Wednesday, March 30, 2011

Toward an 'Islam de France'

Nidra Poller

Muslim prayers in the streets of Paris? Row upon row of worshippers under the eyes of uniformed French policemen? Hundreds of men chanting "Allahu akbar" in open-air mosques? A series of videos posted online over the past two years, depicting all of the above, by a journalist using the pseudonym "Maxime Lépante" have provoked a mixture of shock and disbelief. For at least 15 years, local officials have been collaborating with the police department to tacitly authorize the obstruction of a few narrow streets in Paris's 18th arrondissement—Rues Myrha, Léon, Polonceau, Poissoniers—to accommodate overflowing crowds for midday prayers on Fridays. Similar "tolerance" is exhibited by several other French towns and cities. Illegal street prayers became a national political issue last December when Marine Le Pen—who in January replaced her father, Jean-Marie, as president of the National Front party—denounced them as an "occupation without tanks or soldiers." Since then, the question has broadened to a critical examination of Islam's role in French society, becoming a major issue going into the 2012 presidential campaign. Ms. Le Pen's rising poll numbers place her neck and neck with President Nicolas Sarkozy and likely Socialist candidate Dominique Strauss-Kahn, and the weak performance of Mr. Sarkozy's UMP party in this weekend's local elections have laid further ground for a shake-up at next year's polls.

That is why Mr. Sarkozy has worked intently not to let the National Front monopolize the issue. He announced last December that the UMP would hold a debate to clarify the rights and responsibilities of Islam in a republic based on the principle of laïcité , or secularism, to culminate in a convention scheduled for next week. Pointedly rejecting the prevailing notion of "Islam en France"—of Islam as an alien body within the state—the president called instead for an "Islam de France"—a Frenchified Islam, respectful of French values and mores.

The Socialist opposition has reacted with its own declarations in defense of laïcité while nonetheless rejecting the debate as a divisive measure that stigmatizes Muslims. Socialist Party spokesman Benoît Hamon has called the obstruction of streets unacceptable, as has Daniel Vaillant, the Socialist mayor of the 18th arrondissement—the same man who had facilitated such street prayers for 15 years. Elaborating on the hardships endured by his Muslim citizens, the mayor has promised that the problem would soon be resolved by the construction of a spacious mosque. Poking one more loophole in the 1905 law that prohibits public funding of religious edifices, the city council has already approved funding for a multimillion-dollar Islamic cultural center in the 18th arrondissement.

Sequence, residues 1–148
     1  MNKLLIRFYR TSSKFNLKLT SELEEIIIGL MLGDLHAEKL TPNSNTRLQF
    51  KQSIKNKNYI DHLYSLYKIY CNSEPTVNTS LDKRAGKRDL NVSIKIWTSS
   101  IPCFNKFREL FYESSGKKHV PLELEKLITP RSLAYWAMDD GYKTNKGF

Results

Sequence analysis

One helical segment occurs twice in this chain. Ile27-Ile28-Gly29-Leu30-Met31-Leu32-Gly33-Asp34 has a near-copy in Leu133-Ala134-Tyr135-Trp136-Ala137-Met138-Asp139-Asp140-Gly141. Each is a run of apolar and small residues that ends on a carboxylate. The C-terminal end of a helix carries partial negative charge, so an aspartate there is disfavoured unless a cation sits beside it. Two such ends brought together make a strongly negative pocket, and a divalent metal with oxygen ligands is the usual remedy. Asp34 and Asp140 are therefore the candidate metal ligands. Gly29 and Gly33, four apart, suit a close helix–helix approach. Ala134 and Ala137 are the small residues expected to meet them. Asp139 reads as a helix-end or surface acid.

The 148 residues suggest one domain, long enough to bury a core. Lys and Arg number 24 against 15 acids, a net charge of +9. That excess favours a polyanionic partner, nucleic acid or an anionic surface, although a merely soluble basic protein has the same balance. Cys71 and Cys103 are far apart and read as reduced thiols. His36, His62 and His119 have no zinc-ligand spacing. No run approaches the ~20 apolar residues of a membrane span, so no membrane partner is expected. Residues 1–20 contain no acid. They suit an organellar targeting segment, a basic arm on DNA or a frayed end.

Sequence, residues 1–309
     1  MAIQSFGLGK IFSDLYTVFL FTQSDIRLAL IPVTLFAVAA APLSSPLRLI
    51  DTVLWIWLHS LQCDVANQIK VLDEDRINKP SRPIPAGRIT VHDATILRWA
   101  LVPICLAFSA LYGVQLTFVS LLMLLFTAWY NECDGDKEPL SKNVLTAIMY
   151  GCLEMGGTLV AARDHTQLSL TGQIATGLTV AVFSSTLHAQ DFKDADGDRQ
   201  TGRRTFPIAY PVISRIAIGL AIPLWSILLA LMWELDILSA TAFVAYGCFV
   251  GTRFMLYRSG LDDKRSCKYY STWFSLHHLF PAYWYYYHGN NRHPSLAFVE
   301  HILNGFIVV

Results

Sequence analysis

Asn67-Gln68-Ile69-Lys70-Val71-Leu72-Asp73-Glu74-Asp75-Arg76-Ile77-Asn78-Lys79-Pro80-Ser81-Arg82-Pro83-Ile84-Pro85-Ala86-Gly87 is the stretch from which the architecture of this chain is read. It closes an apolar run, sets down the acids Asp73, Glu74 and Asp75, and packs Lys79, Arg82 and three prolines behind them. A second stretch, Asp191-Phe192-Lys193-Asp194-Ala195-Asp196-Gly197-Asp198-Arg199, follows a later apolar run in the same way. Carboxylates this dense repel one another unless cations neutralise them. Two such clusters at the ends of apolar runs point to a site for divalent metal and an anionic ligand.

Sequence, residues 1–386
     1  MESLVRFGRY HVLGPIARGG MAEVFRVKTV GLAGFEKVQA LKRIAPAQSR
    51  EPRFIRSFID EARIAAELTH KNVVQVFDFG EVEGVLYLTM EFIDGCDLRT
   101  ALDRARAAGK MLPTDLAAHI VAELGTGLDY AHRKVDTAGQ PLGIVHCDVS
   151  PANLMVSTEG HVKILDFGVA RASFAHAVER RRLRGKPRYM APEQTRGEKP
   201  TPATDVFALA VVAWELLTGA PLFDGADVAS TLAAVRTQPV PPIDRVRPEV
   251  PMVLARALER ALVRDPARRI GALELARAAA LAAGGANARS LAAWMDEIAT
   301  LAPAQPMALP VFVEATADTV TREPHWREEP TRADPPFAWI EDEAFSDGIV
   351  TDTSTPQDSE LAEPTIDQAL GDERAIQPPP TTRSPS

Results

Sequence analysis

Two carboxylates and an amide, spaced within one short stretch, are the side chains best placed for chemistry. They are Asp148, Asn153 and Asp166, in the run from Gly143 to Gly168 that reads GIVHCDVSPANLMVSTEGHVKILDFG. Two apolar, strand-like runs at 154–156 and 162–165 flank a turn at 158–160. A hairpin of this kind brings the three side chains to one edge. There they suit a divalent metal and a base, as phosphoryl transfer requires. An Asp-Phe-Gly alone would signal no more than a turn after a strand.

Benoît Apparu, the Sarkozy government's undersecretary for housing, goes one step further, suggesting that the 1905 law could be modified to facilitate an ambitious program of mosque construction that would solve the problem of street prayers. It remains to be seen whether Mr. Apparu's proposal will be viewed favorably or rejected as a transgression of the principle of laïcité at the very center of the debate.

Tolerance for illegal street prayers is but one example of a general failure to clarify the relationship between mosque and state in France. The UMP debate has led to a nationwide re-evaluation of this crucial problem, one that has been barricaded behind a wall of taboos. Previously, every attempt at restating and clarifying national values had been rejected as an attack on Muslims. But since December, the public discourse on these issues has been reanimated. UMP General Secretary Jean-François Copé promises a forthright discussion at next week's convention, with concrete measures to be enacted to prevent political Islam from contravening the laws of the Republic.

Critics, meanwhile, have cut across party lines in their opposition to even raising questions about the relationship between Islam and the République . Earlier this month Abderrahmane Dahmane, the president's special advisor on diversity, urged Muslim members of the UMP not to renew their party membership should the debate go forward as planned. In a sign of the Sarkozy government's determination to take a strong stand on the issue, Mr. Dahmane was summarily dismissed. Socialist Party chief Martine Aubry had been a signatory to an anti-debate petition until last week, when she withdrew her name after it emerged that Tariq Ramadan, the controversial Swiss scholar, had also signed it.

Former journalist Anne Sinclair, whose comments are closely watched for what they might suggest about the views of her husband, Mr. Strauss-Kahn, has accused the UMP and National Front of using the issue to foment fear and distrust ahead of next year's election. In a post on her blog last month, she lashed out at those who "play with fire" by calling for a debate on Islam's role in a secular society at a time when the Arab world is at last standing upright to shed autocratic rule.

This objection in particular seems to miss the point. What is to be feared from clarifying the founding principles of the République ? If the Arab uprisings are a contest for democracy and self-governance, then an open debate about the way in which a population wishes to govern itself would only honor the demonstrators. The alternative would be a great shame for the citizens of France.

Mrs. Poller is an American author living in Paris.

Nidra Poller

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